There’s surely some truth in that. Still, many of us who voted for Clinton read the same coverage and yet were familiar with her policies and Trump’s sins. For those who weren’t, might it be that civic indifference and ignorance were pre-existing conditions long before the campaign? The fog surrounding Obamacare suggests that it was. Consider:

The ACA was debated in 2009, enacted in 2010, and upheld by the Supreme Court in 2012. Its federal exchange opened (after highly publicized stumbles) in 2013 and had been running for almost three years by Election Day. The press covered all of this. Those Americans who still didn’t know the ACA was the same thing as Obamacare, and could “support” one but not the other, clearly aren’t glued to The New York Times and Washington Post.

“As has become clear since the election, there were profound differences between the two candidates’ policies,” CJR says. Clear since the election? Anyone who didn’t know before then that Trump and Clinton couldn’t agree on which universe we live in — even granting flawed coverage — is impervious to news.

What’s more plausible is that many voters loathed Clinton after a generation of controversial public service, a hostility reinforced by her controversial husband and misogyny. Meanwhile, plenty of reporting corroborates Trump’s famous observation that his diehards don’t care about his scandals. (“I could stand in the middle of Fifth Avenue and shoot somebody and I wouldn't lose voters.”)

There are greater forces at work here, I’d suggest, than lousy media coverage. We are in the midst of cultural upheaval: the shrinking of the white majority, in large measure because of immigration; an economic dead end for the white working class, even unto premature death; and evolving mores on issues such as gay marriage.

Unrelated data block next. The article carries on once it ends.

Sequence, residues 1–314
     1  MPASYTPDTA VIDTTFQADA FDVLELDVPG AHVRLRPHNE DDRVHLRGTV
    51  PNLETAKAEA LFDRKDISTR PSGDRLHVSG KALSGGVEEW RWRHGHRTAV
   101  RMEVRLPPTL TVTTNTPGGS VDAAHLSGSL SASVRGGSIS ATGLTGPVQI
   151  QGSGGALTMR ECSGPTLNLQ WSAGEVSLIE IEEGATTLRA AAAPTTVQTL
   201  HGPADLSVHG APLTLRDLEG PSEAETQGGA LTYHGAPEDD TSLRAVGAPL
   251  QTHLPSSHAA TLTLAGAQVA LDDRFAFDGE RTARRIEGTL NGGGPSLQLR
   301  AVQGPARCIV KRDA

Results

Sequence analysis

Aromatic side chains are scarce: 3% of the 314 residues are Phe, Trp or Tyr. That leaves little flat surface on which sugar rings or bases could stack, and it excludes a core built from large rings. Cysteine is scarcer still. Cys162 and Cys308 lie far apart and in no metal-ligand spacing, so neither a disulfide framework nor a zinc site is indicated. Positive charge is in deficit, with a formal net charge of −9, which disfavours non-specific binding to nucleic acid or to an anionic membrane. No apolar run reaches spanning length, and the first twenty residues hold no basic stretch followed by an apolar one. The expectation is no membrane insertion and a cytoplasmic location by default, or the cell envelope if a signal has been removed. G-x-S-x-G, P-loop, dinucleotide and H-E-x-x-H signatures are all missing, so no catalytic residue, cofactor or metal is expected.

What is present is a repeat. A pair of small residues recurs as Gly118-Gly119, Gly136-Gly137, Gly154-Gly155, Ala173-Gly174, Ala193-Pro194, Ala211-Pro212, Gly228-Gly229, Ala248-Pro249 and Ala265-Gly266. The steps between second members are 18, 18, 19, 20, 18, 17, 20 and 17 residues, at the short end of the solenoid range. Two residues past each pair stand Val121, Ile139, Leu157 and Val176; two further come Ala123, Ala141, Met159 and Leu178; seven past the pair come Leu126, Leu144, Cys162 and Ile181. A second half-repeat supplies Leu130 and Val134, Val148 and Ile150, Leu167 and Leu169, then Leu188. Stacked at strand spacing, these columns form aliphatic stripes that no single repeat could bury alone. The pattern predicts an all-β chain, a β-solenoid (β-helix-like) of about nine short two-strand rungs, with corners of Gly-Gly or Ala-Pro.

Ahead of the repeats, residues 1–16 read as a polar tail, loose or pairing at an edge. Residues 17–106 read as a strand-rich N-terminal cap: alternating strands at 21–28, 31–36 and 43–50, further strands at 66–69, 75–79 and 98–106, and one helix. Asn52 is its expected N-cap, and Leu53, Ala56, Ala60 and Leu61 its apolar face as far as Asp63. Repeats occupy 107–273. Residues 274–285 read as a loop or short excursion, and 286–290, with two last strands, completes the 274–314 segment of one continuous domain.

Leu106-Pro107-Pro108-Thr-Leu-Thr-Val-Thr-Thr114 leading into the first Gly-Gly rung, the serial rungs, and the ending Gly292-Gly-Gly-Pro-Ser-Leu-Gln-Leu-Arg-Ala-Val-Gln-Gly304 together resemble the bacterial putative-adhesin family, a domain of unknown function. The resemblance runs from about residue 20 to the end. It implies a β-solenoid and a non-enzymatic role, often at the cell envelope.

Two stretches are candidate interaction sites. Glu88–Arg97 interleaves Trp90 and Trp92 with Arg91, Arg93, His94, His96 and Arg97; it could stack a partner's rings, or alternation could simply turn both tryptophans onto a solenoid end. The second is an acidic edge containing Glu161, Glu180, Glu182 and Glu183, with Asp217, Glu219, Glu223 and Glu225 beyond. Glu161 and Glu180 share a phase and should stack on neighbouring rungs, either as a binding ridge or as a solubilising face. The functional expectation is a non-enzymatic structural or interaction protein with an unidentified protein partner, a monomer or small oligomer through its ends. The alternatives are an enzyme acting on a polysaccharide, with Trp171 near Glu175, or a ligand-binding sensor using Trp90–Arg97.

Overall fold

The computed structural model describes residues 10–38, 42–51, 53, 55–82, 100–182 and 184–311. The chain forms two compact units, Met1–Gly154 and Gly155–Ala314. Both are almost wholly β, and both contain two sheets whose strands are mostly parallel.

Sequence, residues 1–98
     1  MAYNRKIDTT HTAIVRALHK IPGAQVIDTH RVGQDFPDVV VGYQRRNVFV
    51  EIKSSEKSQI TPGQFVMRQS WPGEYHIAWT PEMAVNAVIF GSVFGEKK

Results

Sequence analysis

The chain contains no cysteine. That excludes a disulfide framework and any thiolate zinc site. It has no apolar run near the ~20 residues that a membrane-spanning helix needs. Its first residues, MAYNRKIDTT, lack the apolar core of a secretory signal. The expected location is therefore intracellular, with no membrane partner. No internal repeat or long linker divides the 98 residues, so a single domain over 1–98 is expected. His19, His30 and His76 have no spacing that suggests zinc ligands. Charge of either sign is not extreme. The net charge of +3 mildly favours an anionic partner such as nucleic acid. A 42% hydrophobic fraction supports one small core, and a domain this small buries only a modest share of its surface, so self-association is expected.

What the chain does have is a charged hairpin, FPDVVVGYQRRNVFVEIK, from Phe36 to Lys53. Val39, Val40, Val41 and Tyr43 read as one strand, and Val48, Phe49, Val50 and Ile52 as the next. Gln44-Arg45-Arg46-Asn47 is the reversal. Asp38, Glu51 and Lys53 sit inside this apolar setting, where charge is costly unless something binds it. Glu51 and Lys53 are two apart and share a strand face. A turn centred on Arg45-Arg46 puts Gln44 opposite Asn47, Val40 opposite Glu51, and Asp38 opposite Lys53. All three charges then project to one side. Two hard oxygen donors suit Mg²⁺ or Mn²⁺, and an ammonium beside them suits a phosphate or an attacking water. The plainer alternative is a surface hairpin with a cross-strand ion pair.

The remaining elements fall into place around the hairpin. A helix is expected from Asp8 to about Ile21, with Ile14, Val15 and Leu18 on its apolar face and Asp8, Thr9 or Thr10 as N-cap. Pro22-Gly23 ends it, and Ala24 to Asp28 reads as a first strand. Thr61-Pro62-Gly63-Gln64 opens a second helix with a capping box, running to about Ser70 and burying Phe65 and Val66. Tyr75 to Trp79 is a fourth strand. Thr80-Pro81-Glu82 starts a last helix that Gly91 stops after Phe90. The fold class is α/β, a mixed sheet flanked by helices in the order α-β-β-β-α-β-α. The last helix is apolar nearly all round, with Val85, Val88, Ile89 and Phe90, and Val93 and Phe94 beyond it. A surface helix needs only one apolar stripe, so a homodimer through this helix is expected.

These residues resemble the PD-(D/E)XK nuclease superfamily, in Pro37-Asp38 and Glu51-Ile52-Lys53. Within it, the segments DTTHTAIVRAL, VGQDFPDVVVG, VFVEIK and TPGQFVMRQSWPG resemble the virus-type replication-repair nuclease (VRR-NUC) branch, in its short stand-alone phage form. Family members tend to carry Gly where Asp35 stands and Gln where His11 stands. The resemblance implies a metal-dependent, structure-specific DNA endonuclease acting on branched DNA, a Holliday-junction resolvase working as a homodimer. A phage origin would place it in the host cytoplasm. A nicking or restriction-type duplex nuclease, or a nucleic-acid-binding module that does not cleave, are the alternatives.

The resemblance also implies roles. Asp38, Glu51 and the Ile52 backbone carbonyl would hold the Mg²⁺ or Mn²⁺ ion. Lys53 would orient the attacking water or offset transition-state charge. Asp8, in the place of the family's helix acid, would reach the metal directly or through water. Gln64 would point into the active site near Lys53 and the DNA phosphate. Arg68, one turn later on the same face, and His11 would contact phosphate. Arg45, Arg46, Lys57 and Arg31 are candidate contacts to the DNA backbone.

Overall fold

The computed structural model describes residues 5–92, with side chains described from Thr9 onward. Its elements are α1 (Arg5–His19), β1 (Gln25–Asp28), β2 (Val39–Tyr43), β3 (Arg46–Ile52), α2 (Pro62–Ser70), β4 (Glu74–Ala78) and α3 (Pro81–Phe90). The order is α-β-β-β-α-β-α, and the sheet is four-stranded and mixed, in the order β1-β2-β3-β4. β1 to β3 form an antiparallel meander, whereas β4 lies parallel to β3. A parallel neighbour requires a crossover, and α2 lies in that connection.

Dying orders invariably spawn rescue efforts; witness the bigotry directed at Italian, Irish and Chinese immigrants in the Gilded Age, or the 10 million voters who supported George Wallace’s last-gasp campaign for Jim Crow in 1968. Combined with the enduring “paranoid strain in American’ politics,” as one historian dubbed it (a reality CJR acknowledges), these changes turbo-charge facts-be-damned prejudices.

The white working class that flocked to Trump cheered his bigotry, first and foremost. To the extent that anger over their becoming economic roadkill motivated some, it was an atavistic rage, since Trump’s campaign comments and governance since (tax cuts for the wealthy) confirm that the troubles of the left-behind don’t keep him awake nights.

It may only be natural that CJR’s analysts shy away from the unpleasant reality that so many voters are comatose vis-a-vis current events or indifferent to Trump’s cancerous character. It’s unnerving to think the country so vulnerable, akin to the JFK conspiracy theorists who couldn't accept that a lone loser could gun down the leader of the free world.

There’s no denying that our free press could do better. It’s more disconcerting to realize how much voter education remains to be done.

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Rich Barlow Cognoscenti contributor
Rich Barlow writes for BU Today, Boston University's news website.